The changing dynamics of innovation

I was recently at a conference on the future of food systems. It was a select group of people representing some of the biggest food companies in the world.

The changing dynamics of innovation

I was recently at a conference on the future of food systems. It was a select group of people representing some of the biggest food companies in the world. It was clear that momentum was building, but much was still to be done if we are to feed our growing population of 8 billion, whilst not destroying the planet as we do so. We talked about data collection, regulations, investment, collaborations and best practice, all of which are important, but it seemed there wasn’t enough of something – innovation. It felt like we have the mechanics of change, but not the power to drive it. We need to reinvent. Not just nutrition, but the joy of preparation and eating as well, if we are to balance our diets, save our farmers and planet, redistribute food and reduce our waste. So, if there is this potential why isn’t there a revolution happening? 

Looking back at times when big changes happened, it is clear that multiple factors needed to be in place: the need and the funding. However, these in themselves don’t seem to be enough, and other factors must come into play. The Industrial Revolution started in Britain, rather than France or Germany, not because of a proximity of coal or iron ore or money or grand ambition, but because of our society. There was a can-do attitude. A belief in the possibility of something better. Britain’s social structure was relatively integrated for its time – very different from the rigid class structures of continental Europe. Landowners and the aristocracy mixed with the mercantile classes in their clubs and societies and exchanged ideas, pooled their resources, combined their skills – bolstering each other’s ambitions. 

As an industrial designer working in San Francisco in the 80s, I witnessed this ‘can do’ attitude in Silicon Valley. Technology was following Moore’s law with computer power doubling every two years, but why did it happen in California and not Cambridgeshire? Both had the required intelligence coming out of Stamford and Cambridge Universities, but it took off in California – Apple we remember, but Apricot Computers we don’t. Again, I believe it was a social alignment that made it happen. There was a sense of excitement and change in the air. The money men, technologists, designers and entrepreneurs shared the same positive vision of the future and fed off each other. In the UK, however, maybe we were distracted by Thatcher’s North Sea oil and the Square Mile expansions. 

The Industrial Revolution and dot-com boom were galvanised by opportunity. Yet, still, a shared mission can also come from threat. In times of war, fear is a powerful motivator to work together. Everyday things like acrylic were developed in rapid time in WW2 for the protection of pilots, and the Cold War drove us to extraordinary feats like getting to the moon. 

Returning to food, we saw a global revolution post WW2 to provide our burgeoning population with cheap nutritious food. Governments, technologists, farmers, retailers and many more worked together to industrialise farming. This is exemplified by the Cobb 500 – a chicken bred out of a collaboration between the US and UK, that had lighter bones, bigger breasts, faster growth rates and smaller appetites, and is responsible reducing an equivalent price of chicken from £11/kilo in 1967 to £2.50/kilo today.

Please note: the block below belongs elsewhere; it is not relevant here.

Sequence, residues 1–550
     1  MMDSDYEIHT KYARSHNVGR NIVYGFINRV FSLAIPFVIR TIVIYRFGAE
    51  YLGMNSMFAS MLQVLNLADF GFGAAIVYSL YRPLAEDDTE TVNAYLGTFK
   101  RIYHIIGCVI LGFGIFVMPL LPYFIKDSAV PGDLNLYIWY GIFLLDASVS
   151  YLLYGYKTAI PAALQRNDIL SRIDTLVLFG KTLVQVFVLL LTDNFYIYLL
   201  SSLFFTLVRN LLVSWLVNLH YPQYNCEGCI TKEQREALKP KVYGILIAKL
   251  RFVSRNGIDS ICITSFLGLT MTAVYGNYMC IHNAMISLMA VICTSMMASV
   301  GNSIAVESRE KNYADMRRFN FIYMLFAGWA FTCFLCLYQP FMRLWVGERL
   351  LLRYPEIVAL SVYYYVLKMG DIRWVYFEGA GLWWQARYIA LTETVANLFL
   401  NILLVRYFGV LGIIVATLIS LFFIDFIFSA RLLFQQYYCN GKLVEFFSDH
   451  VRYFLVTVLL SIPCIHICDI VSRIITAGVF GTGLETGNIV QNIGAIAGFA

Much later in the 90s, I moved across from innovating in the world of technology to consumer brands and clearly, the head of steam that started in the 50s had all but run out. Innovation was reduced to inventing a new flavour variants. Things had moved so fast that technology, from GM to E-numbers, had been misused, got a bad name and was no longer a driver. Food brands started to look to their consumers for insights and inspiration, and all we could come up with, from Cadbury’s Smash to Turkey Twizzlers, was convenience and value. 

So what now? We have the need – we have billions to feed and we have the threat of a dying planet. We have governments and corporations waking up to the challenge. But do we have that ‘can-do’ attitude. It should be the most exciting place to be working in, but from shrinking glaciers to failed environmental summits, we have been bombarded with bad news about the planet for years. It alerted us to the problem, but it has also set in a certain depressing inevitability about it all. What can we do? Nothing? Wrong!  From precision fermentation of food, to highly efficient hydroponic farming, the technology is there for an exciting, responsible and sustainable future.  

Just like in the industrial revolution, when a man had to walk in front of the first automobiles with a flag for fear of death and mayhem, we have to get over our fear of the new and embrace it. I can’t wait to try 3D printed insect protein, but who’s going to make it the culinary equivalent of a dry aged T-bone steak, not by replication but by reinvention. I want to get my food custom designed to my metabolism, but who going to provide the bespoke service. Pea protein sounds like a wonderful crop in encouraging regenerative farming, but who’s going to do something more exciting with it than a boring meal replacement shake? Come on entrepreneurs, let’s find our ‘can-do’ mojo and get the ball rolling, this is the most exciting space to work in since the digital revolution. There’s money to be made, the planet to save and delicious food to be had!

Nick Dormon
Nick Dormon

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